IFS: Need for pay rises ‘most pressing’ for staff like senior civil servants

Report predicts continued public sector pay restraint will lead to recruitment issues for employers of London-based, highly skilled workers

An increase to public sector pay in line with inflation would cost employers around £3bn in 2018-19. Credit: Nick Ansell/PA

By Tamsin.Rutter

19 Sep 2017

The Senior Civil Service is among the public sector organisations most likely to face recruitment and retention problems for London-based, highly educated staff if limits on public sector pay continue, the government has been warned.

The Institute for Fiscal Studies has reported that in 2016-17 the difference between public and private sector pay returned to pre-crisis levels, with public sector pay particularly low relative to the private sector for highly skilled workers, and those working in London and the south east.

In a report setting out the case for easing pay restraint for highly skilled public sector workers such as senior civil servants and teachers, the IFS predicts that persisting with the 1% pay cap until 2020 would push pay relative to the private sector to historically low levels.


The gap in pay levels between the sectors widened after the recession, with public sector pay higher after a sharp drop in private sector earnings from 2007.

But now, after seven years of public pay restraint introduced by the 2010 coalition government – and after controlling for differences in workers’ characteristics such as education and experience (public employees are more likely to be better educated) – there is little difference between average pay in the two sectors, the report finds.

Analysing figures on hourly pay from the Labour Force Survey, IFS report author and senior research economist Jonathan Cribb found that graduates working in the public sector earned just 2.3% more than those in the private sector in 2016-17. This is down from a 5.9% gap in 2011-12 and 2.9% in 2007-8.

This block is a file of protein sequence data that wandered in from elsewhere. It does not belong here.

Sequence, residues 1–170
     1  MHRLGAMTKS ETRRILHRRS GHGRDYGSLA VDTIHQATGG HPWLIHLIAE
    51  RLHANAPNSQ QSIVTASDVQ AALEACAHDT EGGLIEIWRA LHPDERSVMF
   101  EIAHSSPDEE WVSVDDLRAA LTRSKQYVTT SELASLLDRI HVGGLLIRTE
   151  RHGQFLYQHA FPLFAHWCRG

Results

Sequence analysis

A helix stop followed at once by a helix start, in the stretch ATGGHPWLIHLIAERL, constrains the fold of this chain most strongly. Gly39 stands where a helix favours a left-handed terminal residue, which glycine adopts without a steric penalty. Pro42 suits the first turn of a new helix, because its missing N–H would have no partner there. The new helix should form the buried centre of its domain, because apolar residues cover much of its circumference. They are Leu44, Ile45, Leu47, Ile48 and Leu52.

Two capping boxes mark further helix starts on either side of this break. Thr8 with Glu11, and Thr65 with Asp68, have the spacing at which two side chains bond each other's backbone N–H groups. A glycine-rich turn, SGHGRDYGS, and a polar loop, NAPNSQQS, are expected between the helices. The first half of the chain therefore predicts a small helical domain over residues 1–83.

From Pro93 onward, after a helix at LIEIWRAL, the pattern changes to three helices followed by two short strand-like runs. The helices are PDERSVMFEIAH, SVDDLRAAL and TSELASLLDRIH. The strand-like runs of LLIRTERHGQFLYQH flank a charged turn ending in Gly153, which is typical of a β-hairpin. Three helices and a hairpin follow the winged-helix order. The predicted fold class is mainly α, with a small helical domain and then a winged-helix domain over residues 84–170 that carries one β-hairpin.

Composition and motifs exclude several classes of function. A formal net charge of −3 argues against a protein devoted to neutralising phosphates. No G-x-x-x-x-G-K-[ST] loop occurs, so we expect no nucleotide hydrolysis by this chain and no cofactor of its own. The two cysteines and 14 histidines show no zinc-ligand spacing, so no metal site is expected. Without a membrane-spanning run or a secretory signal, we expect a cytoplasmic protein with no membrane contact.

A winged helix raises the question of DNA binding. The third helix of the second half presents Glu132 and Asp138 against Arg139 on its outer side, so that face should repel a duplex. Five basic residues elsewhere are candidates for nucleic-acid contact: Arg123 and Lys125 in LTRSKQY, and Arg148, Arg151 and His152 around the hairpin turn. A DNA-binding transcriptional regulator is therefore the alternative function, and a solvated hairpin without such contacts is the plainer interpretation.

If this trend continues, Cribb predicts, it will become progressively harder to recruit senior civil servants and other highly educated public professionals.

“If [government] decides to maintain the 1% cap, we should expect increasing difficulties in recruiting, retaining and motivating high quality public sector staff, reducing the quality and quantity of public services,” he said.

The report stated that some pay review bodies have already reported recruitment issues, and concluded that increasing public sector pay in line with prices or private sector earnings would likely mitigate some of the emerging problems.

It also says there is “a more pressing need for pay increases” for public sector staff in London and the south east – the only UK regions where average private sector pay is higher than public pay.

The IFS said it now expects to see greater recruitment and retention issues in London and the south east, which is where most central government organisations are based.

The institute also warned of the price tag of pay rises, pointing out that – compared with retaining the cap – an increase to public sector pay in line with inflation would cost employers around £3bn in 2018-19 and £6bn the year after.

The government has so far only announced details of pay cap lifts for prison and police officers, both to be funded from existing budgets. But, as the report explained, a pay increase for the civil service would cost significantly more than one for the police because of the relative sizes of the workforces.

Cribb said that increasing pay for public sector workers implies substantial extra costs to public sector employers.

“The Treasury could provide extra funds for this by raising taxes, cutting other spending or borrowing more. Asking the NHS, for example, to fund higher pay increases from within existing budgets would be very challenging.”

Public administration employers, including the civil service, would need to see their funding increased by about 0.7% in 2018-19 and 1.1% in 2019-20 if they were to award pay increases in line with inflation without making spending cuts, according to the report.

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